On the other hand, in some parts of the US, particularly California, the anti-smoking movement has grown so strong that smoking bans outdoors and in private apartments are in force in a few places, and being considered in more. These measures are at least partly based on disputed medical claims, so it is vital their accuracy be determined. But questioning the orthodoxy seems to be frowned on. "It's censorship," says Siegel. "We're heading towards scientific McCarthyism."
    In 2001, a study showed that 30 minutes of passive exposure to smoke reduces the blood vessels' ability to dilate (Journal of the American Medical Association, vol 286, p 426). If this happened repeatedly over a long period, it could permanently harm blood vessels and harden arteries. In a few people who are on the verge of a heart attack, it is possible that 30 minutes' exposure could tip them over the edge. But it would be no worse than eating a high-fat meal; most people would easily cope.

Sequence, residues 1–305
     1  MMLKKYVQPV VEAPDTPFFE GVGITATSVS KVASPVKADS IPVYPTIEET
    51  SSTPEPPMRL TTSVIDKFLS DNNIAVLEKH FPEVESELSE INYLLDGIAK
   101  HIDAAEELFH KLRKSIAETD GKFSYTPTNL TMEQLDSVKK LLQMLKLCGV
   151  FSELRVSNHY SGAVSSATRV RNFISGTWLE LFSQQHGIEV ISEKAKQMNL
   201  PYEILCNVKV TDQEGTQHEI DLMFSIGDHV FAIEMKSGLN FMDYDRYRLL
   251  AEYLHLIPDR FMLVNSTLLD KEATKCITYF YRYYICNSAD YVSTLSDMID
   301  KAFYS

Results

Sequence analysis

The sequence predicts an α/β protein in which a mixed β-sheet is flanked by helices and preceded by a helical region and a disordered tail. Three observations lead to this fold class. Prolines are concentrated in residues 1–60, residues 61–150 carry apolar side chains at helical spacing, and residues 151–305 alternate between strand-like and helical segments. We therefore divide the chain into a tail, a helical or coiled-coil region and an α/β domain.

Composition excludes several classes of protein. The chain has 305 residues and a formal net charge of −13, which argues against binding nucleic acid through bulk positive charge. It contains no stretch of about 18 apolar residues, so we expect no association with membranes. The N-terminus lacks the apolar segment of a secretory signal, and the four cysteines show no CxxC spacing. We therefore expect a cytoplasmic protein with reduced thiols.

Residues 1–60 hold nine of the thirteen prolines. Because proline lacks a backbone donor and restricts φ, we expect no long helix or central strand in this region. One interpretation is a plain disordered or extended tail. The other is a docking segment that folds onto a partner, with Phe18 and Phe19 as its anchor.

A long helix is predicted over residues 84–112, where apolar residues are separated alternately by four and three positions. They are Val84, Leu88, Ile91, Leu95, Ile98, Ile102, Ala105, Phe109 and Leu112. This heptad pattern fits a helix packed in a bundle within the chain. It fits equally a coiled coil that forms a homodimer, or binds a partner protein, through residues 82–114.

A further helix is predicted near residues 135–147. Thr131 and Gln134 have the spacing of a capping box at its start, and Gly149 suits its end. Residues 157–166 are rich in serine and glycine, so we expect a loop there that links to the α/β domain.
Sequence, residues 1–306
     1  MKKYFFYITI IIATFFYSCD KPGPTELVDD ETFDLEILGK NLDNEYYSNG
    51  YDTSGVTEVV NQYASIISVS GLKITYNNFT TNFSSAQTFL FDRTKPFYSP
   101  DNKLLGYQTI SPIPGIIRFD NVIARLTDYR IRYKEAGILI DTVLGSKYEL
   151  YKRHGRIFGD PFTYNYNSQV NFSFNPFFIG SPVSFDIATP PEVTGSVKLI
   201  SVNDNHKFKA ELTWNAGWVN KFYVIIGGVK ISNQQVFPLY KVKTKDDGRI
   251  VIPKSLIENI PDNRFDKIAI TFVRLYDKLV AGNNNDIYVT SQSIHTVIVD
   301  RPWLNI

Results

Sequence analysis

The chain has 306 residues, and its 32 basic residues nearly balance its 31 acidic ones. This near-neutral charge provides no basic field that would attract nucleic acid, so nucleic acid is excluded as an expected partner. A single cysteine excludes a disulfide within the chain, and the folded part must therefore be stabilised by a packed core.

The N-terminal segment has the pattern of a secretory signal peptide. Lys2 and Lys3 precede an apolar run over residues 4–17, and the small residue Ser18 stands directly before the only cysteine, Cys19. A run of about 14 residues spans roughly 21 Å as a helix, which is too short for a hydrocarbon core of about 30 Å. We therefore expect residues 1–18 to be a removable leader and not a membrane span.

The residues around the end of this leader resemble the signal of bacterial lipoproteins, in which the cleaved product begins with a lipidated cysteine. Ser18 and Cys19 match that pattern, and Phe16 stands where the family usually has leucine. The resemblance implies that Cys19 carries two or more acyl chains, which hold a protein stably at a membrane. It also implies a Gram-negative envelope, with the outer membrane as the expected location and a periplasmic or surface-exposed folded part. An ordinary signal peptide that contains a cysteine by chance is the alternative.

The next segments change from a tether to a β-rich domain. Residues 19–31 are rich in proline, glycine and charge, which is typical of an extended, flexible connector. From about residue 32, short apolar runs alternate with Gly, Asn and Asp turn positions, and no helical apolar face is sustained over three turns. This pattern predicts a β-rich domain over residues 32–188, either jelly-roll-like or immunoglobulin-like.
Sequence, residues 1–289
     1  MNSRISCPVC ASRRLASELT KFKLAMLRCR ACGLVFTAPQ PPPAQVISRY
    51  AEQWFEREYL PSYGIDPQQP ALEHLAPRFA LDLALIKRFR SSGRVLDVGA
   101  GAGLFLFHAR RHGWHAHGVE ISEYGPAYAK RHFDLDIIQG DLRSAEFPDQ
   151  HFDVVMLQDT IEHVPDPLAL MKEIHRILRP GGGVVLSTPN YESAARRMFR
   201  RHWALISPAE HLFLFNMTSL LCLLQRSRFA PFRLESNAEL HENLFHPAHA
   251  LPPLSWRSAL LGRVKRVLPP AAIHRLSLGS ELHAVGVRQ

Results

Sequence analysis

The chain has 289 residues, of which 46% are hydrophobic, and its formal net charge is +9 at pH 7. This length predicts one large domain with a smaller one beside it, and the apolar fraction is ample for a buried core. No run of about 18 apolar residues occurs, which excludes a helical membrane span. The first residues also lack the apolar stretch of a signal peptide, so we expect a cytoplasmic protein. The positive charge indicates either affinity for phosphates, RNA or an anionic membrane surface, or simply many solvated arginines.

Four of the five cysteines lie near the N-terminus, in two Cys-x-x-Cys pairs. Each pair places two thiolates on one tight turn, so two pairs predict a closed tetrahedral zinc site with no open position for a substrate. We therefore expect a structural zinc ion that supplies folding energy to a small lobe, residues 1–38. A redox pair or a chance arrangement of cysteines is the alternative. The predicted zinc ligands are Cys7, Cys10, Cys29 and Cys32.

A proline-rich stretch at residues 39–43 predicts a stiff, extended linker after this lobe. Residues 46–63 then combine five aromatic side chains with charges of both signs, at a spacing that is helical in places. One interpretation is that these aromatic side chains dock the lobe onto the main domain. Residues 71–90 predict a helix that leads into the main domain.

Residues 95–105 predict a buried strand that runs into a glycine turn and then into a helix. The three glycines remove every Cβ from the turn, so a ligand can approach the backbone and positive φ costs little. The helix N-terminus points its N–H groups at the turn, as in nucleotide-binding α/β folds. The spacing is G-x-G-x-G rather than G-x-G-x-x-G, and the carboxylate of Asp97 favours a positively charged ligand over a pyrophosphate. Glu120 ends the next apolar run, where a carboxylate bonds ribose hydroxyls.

But Siegel has his defenders. "It is sobering and scandalous to think, if Mike is correct, that our field now is guilty of the same junk science long perpetrated by the tobacco industry," says Alan Blum, director of the Center for the Study of Tobacco and Society at the University of Alabama in Tuscaloosa.
    All emphasis is mine.

    Are we all being lied to? Something smells a bit fishy, IMO. Read the whole article to see the quotes in context.

    God preserve us from ideological, single issue zealots.
    A fanatic is one who can’t change his mind and won’t change the subject - Churchill
  • passoutpassout Posts: 4,425
    Despite what the Government or even company policy says companies employ who they like. It all depends on who precisely is doing the hiring - if they smoke, then clearly they would not discriminate against a smoker. If someone is really anti-smoking then they are less likely to employ a smoker. Some companies have higher numbers of ethnic, miniorities or disabled people. It's often less to do with 'been PC' and more to do with corporate culture & who does the hirings - all companies are not the same. I heard of one London based company where the vast majority of the employess were gay - there was no policy on this issue, just a cirle of perpepuation.
    'Happiness serves hardly any other purpose than to make unhappiness possible' Marcel Proust.